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Start mascot discussion at the local level

Beware of one-size-fits-all solutions.

State House of Representatives Speaker Joe Aresimowicz, D-Berlin, is raising the idea that the state legislature prohibit public schools from using Native American imagery, mascots and nicknames. Nineteen now do so. The House leader was reacting to the Board of Education in Killingly restoring the name Redmen at its high school.

Redmen has the dual detriments of being offensive to Native Americans and sexist. Last year, encouraged by students, the Killingly school board abandoned the nickname in favor of Redhawks. But a group of candidates, who ran on a promise to bring back Redmen, won election in November.

In the trend away from mascots that feed Native American stereotypes, and are a form of cultural appropriation, the move in Killingly to switch back may be a first.

Aresimowicz suggestion is understandable. Maine, California, Massachusetts and Oregon have passed various bans on American Indian mascots in public schools and colleges.

Yet such a move in the legislature would make the debate more political, further tugging it into the cultural wars. What happened in Killingly appears to be an aberration. Let discussions play out at the local level.

The Montville High School Indians have had a positive relationship with the Mohegan Tribe, which has a deep history in the area. A few years ago, a tasteful school symbol was adopted with two feathers hanging from a circled “M.”

“The term ‘Indians’ in and of itself is not a derogatory or inflammatory. In this instance it is simply recognition of the first inhabitants of the land,” stated Mohegan Chief Marilynn Malerba in an email response to The Day.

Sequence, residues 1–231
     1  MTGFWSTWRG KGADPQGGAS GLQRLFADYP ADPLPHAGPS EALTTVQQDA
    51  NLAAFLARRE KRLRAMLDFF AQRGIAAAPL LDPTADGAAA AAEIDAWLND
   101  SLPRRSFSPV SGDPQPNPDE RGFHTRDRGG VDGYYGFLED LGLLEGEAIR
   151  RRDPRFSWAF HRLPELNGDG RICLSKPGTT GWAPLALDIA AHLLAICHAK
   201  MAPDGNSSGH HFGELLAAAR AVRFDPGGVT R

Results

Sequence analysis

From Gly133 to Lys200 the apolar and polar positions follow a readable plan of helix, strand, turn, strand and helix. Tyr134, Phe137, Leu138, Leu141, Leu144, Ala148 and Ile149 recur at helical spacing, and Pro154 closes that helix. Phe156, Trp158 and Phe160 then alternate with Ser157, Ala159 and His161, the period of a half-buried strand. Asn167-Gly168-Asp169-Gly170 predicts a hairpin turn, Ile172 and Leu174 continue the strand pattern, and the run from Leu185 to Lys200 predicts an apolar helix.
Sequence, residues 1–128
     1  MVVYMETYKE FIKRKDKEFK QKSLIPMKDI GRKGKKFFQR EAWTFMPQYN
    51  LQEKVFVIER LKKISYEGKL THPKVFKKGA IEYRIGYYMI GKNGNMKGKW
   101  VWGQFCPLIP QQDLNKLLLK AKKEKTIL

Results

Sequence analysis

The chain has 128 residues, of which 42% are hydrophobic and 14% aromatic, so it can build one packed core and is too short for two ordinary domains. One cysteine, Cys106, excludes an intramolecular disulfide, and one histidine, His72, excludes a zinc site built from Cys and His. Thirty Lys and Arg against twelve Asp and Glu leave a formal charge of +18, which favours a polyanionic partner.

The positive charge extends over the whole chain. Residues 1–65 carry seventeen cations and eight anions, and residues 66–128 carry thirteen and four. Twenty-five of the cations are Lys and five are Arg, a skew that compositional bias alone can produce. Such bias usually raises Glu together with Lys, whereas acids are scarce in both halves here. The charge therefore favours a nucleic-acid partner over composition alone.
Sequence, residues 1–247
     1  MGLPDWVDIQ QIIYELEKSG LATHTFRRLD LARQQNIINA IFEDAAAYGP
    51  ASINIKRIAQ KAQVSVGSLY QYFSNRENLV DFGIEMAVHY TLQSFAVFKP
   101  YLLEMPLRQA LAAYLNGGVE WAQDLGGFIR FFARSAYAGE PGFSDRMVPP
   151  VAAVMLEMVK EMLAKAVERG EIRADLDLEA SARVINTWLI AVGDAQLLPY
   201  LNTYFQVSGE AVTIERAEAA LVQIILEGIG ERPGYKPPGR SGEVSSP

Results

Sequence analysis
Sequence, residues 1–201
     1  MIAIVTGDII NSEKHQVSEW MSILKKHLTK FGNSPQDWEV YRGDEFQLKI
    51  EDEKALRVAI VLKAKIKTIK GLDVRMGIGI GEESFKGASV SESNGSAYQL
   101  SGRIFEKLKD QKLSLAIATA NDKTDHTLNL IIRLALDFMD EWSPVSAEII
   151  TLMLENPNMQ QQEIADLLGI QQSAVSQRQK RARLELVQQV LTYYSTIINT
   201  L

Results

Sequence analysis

Yet, in the same response, Malerba stated, “It is the position of the Mohegan Tribe that the use of American Indian mascots and … teams be discontinued.”

“People should not be considered mascots. It is demeaning to be relegated to a stereotyping of a people,” she stated.

The chief referred to a tradition of open dialogue between the tribe and school officials. Montville Schools Superintendent Laurie Pallin said she is prepared to reopen that discussion.

Preferably this is how it happens elsewhere. Communities show greater sensitivity to the issue. Students, teachers, administrators, school board members welcome the input of our state’s tribes in deciding what is acceptable and what should change.

It may come to state intervention; but first provide our local communities the chance to hash things out.

 

The Day editorial board meets regularly with political, business and community leaders and convenes weekly to formulate editorial viewpoints. It is composed of President and Publisher Tim Dwyer, Editorial Page Editor Paul Choiniere, Managing Editor Tim Cotter, Staff Writer Julia Bergman and retired deputy managing editor Lisa McGinley. However, only the publisher and editorial page editor are responsible for developing the editorial opinions. The board operates independently from the Day newsroom.

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